Operations Manager Cross-Group Blog

Tips and tricks from the Microsoft Operations Manager Cross-Group Team Members

Monitoring Certificates In SCOM

Monitoring Certificates In SCOM

  • Comments 5
  • Likes

In almost every SCOM environment I have been involved with the need to monitor certificates has come up.  This is the standard management pack I use.

Requirements:

  1. Powershell - The management pack works on Windows 2003, but it does need powershell to be present on all agent computers.
  2. Agent Proxying - To prevent an alert storm if the same certificate is about to expire on many machines, we monitor identical certificates as a non-hosted entity.  To discover this, agents must be allowed to proxy.  Agent Proxying is not enabled by default.  Please note that if you enable proxying after deploying this management pack, you will need to restart the agent health service to get the agent to resubmit the discovery.
  3. SCOM 2007 R2 or SCOM 2012.

You can also enable agent proxying via powershell.

SCOM 2012 Syntax:

Get-SCOMAgent | where {$_.ProxyingEnabled.Value -eq $False} | Enable-SCOMAgentProxy

SCOM 2007 Syntax:

$agentlist = get-agent | where {$_.ProxyingEnabled.Value -eq $False}
Foreach ($agent in $agentlist)
{
  $agent.ProxyingEnabled = $true
  $agent.ApplyChanges()
}

This is a library management pack.  So be default it doesn't do anything.  I'm including an example management pack that uses it.  I have found that certificates are used so differently by organizations that it is hard to make a discovery rule that would result in just the right level of monitoring for the organization.

I provided one discovery data source

  • Microsoft.Windows.Certificates.Discovery.DS - You can target it at a windows computer, or any class hosted by a windows computer.  There are options to discover or ignore all certificates in the computer's Personal, Root, and Intermediate certificate stores.

I can't possible anticipate the needs of every organization, so if you need a more granular discovery, I'm providing an unsealed version of the management pack, so you can edit the "WHERE" part of the powershell script to suit your own needs.  Just change this line in Microsoft.Windows.Certificates.Discovery.DS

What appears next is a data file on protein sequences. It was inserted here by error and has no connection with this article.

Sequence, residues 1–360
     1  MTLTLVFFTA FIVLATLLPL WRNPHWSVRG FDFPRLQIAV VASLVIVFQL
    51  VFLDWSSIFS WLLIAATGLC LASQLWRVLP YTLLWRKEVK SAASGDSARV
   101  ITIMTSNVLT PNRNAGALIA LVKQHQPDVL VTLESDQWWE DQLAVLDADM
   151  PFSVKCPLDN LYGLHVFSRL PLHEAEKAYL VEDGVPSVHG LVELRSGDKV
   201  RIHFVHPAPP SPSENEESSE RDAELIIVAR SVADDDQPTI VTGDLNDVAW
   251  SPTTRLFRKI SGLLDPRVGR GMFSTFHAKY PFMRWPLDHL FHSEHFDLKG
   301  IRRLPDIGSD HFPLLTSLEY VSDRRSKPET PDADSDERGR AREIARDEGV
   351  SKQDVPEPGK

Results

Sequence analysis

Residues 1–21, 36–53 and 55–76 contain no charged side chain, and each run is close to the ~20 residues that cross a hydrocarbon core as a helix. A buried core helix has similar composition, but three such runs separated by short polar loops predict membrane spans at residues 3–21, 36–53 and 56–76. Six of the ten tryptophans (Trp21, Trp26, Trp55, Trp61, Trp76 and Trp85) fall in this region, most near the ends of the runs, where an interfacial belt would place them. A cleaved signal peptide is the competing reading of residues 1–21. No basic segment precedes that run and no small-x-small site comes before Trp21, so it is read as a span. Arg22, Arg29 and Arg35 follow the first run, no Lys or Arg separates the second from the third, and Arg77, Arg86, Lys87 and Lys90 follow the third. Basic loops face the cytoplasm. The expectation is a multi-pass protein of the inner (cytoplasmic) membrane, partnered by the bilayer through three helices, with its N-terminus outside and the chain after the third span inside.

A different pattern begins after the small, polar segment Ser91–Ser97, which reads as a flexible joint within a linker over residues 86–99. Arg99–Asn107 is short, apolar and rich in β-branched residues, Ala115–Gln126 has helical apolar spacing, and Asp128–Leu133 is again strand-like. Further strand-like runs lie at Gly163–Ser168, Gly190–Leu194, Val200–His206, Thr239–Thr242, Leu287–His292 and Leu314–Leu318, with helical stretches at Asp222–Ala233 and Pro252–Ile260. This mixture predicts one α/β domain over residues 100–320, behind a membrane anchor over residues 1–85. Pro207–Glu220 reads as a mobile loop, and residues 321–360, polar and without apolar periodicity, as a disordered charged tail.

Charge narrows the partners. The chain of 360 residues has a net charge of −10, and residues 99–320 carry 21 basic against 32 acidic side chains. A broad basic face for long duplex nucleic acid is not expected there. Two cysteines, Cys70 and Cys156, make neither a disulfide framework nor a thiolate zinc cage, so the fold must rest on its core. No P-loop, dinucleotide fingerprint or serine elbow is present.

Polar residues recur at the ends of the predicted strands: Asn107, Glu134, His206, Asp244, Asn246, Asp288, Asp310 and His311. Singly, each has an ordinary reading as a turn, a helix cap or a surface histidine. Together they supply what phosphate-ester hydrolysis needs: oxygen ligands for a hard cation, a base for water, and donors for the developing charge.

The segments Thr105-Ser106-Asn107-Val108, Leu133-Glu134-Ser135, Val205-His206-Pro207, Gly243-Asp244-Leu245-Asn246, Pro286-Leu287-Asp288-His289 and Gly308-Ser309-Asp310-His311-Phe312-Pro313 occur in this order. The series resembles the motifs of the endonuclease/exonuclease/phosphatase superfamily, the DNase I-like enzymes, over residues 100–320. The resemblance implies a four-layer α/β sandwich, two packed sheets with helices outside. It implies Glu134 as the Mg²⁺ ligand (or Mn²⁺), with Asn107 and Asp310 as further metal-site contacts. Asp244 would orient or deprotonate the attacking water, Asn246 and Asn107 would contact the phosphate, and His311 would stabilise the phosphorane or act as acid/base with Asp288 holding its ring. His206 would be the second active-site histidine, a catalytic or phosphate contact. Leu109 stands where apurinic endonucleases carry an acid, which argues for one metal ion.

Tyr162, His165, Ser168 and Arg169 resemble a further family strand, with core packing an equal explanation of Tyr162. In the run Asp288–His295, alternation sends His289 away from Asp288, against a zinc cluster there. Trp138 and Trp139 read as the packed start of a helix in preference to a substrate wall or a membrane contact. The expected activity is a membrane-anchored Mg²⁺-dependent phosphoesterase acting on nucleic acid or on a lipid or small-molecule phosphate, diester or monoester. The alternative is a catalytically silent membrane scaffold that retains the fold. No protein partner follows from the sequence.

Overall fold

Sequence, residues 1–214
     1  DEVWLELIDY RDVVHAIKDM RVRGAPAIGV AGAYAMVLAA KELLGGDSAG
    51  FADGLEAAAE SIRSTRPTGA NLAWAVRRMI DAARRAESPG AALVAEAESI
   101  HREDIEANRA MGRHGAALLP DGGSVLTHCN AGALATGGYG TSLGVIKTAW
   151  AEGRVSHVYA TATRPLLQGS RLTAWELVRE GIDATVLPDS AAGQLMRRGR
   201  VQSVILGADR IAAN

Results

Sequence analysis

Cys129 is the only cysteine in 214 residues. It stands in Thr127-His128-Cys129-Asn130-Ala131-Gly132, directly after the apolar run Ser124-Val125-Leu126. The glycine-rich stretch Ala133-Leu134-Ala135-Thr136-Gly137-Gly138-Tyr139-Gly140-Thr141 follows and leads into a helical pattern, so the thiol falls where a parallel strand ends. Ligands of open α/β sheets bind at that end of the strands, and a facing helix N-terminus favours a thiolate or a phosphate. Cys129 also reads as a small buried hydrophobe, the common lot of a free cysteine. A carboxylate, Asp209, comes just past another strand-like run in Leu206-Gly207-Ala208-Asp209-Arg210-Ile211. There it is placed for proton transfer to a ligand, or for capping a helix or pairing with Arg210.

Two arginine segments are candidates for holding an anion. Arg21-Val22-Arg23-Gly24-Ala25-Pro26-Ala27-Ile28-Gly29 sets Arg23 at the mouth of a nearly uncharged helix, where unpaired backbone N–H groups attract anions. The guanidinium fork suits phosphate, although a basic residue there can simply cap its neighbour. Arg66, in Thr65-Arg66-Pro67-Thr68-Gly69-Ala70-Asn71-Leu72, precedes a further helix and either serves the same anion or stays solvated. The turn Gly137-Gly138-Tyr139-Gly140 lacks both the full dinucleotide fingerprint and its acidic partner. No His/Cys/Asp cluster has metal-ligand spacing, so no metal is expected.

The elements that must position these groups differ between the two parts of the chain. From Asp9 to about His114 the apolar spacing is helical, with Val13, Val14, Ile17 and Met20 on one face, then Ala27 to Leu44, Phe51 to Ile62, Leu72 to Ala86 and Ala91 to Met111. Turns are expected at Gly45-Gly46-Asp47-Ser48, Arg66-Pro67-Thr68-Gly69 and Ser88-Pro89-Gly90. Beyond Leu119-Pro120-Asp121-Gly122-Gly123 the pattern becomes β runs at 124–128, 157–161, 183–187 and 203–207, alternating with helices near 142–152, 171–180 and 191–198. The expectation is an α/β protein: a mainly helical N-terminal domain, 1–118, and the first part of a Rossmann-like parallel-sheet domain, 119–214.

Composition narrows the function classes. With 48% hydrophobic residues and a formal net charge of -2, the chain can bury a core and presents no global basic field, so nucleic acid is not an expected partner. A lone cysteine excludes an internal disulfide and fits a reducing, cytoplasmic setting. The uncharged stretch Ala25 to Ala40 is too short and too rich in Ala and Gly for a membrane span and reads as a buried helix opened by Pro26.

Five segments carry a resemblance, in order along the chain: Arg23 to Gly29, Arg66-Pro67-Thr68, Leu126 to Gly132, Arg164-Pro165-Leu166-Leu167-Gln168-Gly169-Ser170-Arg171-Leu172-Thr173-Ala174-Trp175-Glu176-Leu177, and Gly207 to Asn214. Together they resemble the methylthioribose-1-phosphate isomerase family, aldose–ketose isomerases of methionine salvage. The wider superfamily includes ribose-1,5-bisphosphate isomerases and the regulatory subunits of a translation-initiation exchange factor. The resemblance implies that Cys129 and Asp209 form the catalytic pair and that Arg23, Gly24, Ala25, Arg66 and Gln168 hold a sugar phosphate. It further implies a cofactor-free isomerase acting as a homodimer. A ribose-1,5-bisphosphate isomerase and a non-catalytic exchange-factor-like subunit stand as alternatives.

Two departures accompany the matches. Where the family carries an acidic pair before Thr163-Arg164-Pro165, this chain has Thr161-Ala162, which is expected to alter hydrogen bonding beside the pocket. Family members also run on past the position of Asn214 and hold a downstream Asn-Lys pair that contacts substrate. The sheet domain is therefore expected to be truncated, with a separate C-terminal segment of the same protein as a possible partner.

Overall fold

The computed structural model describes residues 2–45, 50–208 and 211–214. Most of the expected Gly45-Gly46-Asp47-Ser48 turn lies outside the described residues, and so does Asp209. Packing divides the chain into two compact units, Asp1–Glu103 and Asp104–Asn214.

$colcert = Get-ChildItem -recurse cert:localmachine\ | WHERE {$_.Thumbprint -ne $null}

To something like this, or whatever meets the needs of your organization.

$colcert = Get-ChildItem -recurse cert:localmachine\ | WHERE {($_.Thumbprint -ne $null) -and ($_.Subject -notmatch "abcd") -and ($_.Issuer -match "qwerty")}

I provided two monitor types

  • Microsoft.Windows.Certificates.Expiration.Monitor - Checks to see if a certificate is nearing expiration.  If the certificate does not exist, this is not considered to be an error.
  • Microsoft.Windows.Certificates.Exists.Monitor - Checks to see if a certificate exists.  The certificate's expiration date is ignored.

The monitors do not have to be targeted at certificates.  You can target them at any hosted class so long as you can provide a valid principal name, thumbprint, and store.

Values to use for Store

  • My = Personal
  • Root = Trusted Root CA's
  • CA = Intermediate CA's

Thumbprints should be provided without spaces.  For example: 97817950d81c9670cc34d809cf794431367ef474

There are also a couple of state views that show the discovered certificates as both hosted and non-hosted.

 The example management pack does the following:

  1. Discover all certificates in the personal certificate store of all windows computers
  2. Overrides their expiration warning threshold to 14 days
  3. Checks to see if the "GTE CyberTrust Global Root" certificate exists in the trusted root certificate store

I deliberated for quite a while about whether or not to put in an active monitor by default.  Since nothing will be discovered by just the library MP, I decided to place an expiration monitor with a default warning threshold of 10 days on all hosted certificates, and an alerting monitor on the non-hosted class that contains them.  You can override the threshold and/or disable the monitor if you want to.

Attachment: CertMPs.zip
Comments
  • Interesting posting

    In an environment where mobile endpoiints are used by multiple users, could this be used or edited to enumerate certificates from all users who enrolled for certificates on the endpoint or is this restricted to the local machine account only ?

  • What is the relation between your MPs and Certificates Services ... 6.0.7231?

    Thanks,

    Dom

  • There is a request for Microsoft.Windows.Certificates 1.0.0.0 where could I find it?

    Thanks,

    Dom

  • You can download the Microsoft.Windows.Certificates MP in the .ZIP file from this blog post.

    This MP is totally separate from Active Directory Certificate Services.  This is intended for the general monitoring of client and server certificates on all machines, regardless of domain role.

    If you need to monitor ADCS, you should get that management pack from here for Windows Server 2012 and 2012 R2 www.microsoft.com/.../details.aspx  or here for older versions of Windows www.microsoft.com/.../details.aspx

  • Very helpful MP, thank you! I was wondering, is there a way to change it to monitor each computer entity so my alerts tell me which machines have expiring certs? I don't often have the same cert on multiple servers.

    Thanks!

Your comment has been posted.   Close
Thank you, your comment requires moderation so it may take a while to appear.   Close
Leave a Comment